(a) (1) A public entity shall take appropriate steps to ensure that communications with applicants, participants, members of the public, and companions with disabilities are as effective as communications with others.
On June 29, 2010, OCR and the U.S. Department of Justice Civil Rights Division jointly issued a Dear Colleague Letter to all college and university presidents that addressed the use of emerging technologies. The letter stated in summary that several:
[U]niversities agreed not to purchase, require, or recommend use of…any…dedicated electronic book reader…unless or until the device is fully accessible to individuals who are blind or have low vision, or the universities provide reasonable accommodation or modification so that a student can acquire the same information, engage in the same interactions, and enjoy the same services as sighted students with substantially equivalent ease of use...
On May 26, 2011, OCR issued a Dear Colleague Letter and a questions-and-answers document (FAQ) to provide further clarification. The FAQ makes it clear that students with disabilities, especially visual impairments, are to be afforded “the opportunity to acquire the same information, engage in the same interactions, and enjoy the same services as sighted students.” The Dear Colleague Letter states that the educational institution must ensure that students with disabilities can access the educational opportunity and benefit with “substantially equivalent ease of use” as students without disabilities. Should the educational institution use a device that is not fully accessible, the institution must provide “accommodations or modifications that permit [students with disabilities] to receive all the educational benefits provided by the technology in an equally effective and equally integrated manner.” The FAQ further clarifies that an accommodation or modification that is only available at certain times (such as an aide to read to the student) will not be considered “equally effective and equally integrated” where other students have access to the same information at any time and any location, as is the case with a website or other on-line content. The FAQ also makes it clear that on-line programs are also covered and stresses the importance of planning to ensure accessibility from the outset.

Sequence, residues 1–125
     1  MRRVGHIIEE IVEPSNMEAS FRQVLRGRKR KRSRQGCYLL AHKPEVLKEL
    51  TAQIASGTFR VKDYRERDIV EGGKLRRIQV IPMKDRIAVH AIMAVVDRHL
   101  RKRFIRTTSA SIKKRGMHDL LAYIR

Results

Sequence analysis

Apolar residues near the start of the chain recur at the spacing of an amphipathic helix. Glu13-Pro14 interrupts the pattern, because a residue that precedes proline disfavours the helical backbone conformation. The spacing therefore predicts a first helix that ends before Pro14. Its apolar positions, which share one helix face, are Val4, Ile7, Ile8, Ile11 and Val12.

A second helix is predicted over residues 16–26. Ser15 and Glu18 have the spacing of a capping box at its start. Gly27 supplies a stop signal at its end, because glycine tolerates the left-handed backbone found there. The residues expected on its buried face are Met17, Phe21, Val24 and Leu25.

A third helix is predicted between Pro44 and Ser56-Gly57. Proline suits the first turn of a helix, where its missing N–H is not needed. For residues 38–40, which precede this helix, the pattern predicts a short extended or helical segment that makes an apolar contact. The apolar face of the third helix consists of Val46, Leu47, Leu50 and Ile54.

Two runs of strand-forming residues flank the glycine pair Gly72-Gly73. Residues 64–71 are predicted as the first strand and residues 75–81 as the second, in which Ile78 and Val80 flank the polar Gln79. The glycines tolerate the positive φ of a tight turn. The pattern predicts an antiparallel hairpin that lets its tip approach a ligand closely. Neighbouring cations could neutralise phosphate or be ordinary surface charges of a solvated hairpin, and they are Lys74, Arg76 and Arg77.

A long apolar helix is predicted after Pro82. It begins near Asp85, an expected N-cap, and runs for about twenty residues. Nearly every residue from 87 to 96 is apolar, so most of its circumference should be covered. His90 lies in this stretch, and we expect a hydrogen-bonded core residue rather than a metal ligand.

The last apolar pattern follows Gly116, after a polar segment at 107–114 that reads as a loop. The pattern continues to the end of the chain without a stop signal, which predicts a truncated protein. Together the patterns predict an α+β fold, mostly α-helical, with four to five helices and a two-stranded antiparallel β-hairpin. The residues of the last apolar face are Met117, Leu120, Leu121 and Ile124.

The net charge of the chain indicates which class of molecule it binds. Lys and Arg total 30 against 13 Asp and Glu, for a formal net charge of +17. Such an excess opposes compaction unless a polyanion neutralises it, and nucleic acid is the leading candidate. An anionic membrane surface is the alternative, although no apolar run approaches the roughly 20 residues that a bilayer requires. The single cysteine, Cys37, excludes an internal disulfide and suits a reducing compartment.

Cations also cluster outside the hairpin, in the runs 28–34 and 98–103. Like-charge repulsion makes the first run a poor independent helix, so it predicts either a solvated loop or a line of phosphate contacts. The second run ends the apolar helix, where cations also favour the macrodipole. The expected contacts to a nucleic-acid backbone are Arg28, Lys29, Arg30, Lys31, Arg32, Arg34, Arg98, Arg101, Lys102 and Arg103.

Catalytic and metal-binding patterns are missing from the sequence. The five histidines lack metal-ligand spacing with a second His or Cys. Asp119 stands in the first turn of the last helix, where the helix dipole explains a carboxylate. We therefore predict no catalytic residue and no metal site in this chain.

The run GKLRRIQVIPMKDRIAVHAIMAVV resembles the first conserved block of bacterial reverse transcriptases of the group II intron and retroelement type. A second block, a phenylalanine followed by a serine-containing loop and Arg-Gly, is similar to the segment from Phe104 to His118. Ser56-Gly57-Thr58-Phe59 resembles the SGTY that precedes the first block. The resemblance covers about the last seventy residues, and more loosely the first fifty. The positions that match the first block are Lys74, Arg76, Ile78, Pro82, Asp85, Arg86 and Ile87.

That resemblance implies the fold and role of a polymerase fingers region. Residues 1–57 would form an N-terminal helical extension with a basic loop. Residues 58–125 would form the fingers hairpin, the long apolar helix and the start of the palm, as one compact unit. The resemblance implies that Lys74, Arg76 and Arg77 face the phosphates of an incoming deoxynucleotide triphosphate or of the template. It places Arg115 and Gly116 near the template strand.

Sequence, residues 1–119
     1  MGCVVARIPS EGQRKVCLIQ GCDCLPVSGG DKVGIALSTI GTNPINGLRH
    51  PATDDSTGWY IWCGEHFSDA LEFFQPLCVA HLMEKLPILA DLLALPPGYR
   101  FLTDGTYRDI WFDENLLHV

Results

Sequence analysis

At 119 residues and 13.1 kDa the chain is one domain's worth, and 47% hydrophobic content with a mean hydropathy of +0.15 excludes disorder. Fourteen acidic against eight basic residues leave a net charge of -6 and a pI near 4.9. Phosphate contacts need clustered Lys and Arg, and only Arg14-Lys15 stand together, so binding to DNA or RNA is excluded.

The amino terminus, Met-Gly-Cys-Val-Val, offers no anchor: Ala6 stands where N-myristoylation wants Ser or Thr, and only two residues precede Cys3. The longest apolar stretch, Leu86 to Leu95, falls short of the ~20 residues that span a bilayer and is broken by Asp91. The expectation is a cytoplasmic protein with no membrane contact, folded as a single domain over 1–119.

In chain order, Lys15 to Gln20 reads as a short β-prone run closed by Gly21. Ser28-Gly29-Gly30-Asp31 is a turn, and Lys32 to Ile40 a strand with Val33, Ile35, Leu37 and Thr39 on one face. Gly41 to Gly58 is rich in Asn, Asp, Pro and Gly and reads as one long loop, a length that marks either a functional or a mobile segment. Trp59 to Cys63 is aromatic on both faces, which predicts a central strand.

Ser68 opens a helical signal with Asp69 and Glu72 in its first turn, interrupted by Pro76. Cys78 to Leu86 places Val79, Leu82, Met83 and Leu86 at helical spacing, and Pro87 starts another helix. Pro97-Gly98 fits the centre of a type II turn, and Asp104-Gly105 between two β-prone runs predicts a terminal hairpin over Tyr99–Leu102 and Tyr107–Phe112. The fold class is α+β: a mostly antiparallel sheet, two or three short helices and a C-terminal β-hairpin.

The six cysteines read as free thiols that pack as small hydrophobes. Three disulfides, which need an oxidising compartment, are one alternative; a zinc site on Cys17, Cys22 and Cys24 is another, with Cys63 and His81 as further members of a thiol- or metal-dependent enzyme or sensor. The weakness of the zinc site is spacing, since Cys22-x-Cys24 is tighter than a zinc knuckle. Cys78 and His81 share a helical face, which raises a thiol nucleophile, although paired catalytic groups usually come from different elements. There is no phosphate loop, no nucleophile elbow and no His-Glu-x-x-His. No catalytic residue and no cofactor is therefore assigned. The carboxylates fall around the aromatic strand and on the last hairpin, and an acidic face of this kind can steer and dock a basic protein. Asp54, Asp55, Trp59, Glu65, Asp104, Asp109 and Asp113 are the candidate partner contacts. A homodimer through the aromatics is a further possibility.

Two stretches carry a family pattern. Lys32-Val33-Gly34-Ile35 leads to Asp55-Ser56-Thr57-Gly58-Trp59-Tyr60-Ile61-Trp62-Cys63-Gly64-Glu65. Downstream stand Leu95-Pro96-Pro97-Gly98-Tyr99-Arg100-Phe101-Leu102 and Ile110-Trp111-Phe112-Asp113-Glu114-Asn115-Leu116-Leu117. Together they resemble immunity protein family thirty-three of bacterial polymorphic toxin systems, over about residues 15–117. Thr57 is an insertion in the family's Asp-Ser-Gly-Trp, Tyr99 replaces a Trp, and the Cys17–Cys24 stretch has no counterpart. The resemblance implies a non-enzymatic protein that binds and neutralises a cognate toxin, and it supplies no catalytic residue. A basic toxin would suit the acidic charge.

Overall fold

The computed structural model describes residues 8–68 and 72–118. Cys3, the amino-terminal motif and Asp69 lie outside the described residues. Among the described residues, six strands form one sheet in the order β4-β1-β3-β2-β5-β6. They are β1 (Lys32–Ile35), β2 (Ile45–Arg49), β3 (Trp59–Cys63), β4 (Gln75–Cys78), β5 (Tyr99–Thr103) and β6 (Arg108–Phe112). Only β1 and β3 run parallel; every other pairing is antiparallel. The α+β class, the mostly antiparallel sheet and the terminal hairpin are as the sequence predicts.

SBTCE operates SCTCS. SCTCS is comprised of sixteen technical colleges located strategically across the state of South Carolina. SCTCS also has a central administrative office with staff which is operated by SBTCE. SCTCS operates as a coordinating body of twenty different peer groups with representatives from each member technical college. The peer groups make recommendations to the Presidents Counsel, comprised of the sixteen individual college presidents and the SCTCS President. FDTC and HGTC are two of the sixteen member colleges.
Findings of Fact